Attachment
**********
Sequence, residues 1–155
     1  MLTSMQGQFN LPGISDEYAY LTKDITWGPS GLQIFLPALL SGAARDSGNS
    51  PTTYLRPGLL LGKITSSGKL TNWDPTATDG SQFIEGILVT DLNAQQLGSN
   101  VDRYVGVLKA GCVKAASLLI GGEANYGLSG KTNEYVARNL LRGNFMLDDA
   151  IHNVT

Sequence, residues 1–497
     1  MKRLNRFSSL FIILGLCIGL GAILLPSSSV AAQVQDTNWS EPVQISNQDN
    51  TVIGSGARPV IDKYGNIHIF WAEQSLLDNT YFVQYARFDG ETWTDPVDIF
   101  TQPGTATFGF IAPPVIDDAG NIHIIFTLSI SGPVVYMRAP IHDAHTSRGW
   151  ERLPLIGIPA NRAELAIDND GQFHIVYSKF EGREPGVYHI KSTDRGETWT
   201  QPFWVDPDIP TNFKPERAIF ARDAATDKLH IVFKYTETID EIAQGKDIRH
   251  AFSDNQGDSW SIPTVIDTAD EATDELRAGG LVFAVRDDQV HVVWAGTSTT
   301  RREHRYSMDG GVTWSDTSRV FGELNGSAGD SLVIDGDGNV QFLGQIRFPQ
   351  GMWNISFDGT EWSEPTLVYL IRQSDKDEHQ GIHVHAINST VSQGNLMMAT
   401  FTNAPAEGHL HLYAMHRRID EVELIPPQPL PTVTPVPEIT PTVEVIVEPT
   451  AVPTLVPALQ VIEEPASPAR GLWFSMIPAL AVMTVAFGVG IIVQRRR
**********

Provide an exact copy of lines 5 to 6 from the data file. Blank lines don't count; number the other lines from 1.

   151  IHNVT

Sequence, residues 1–497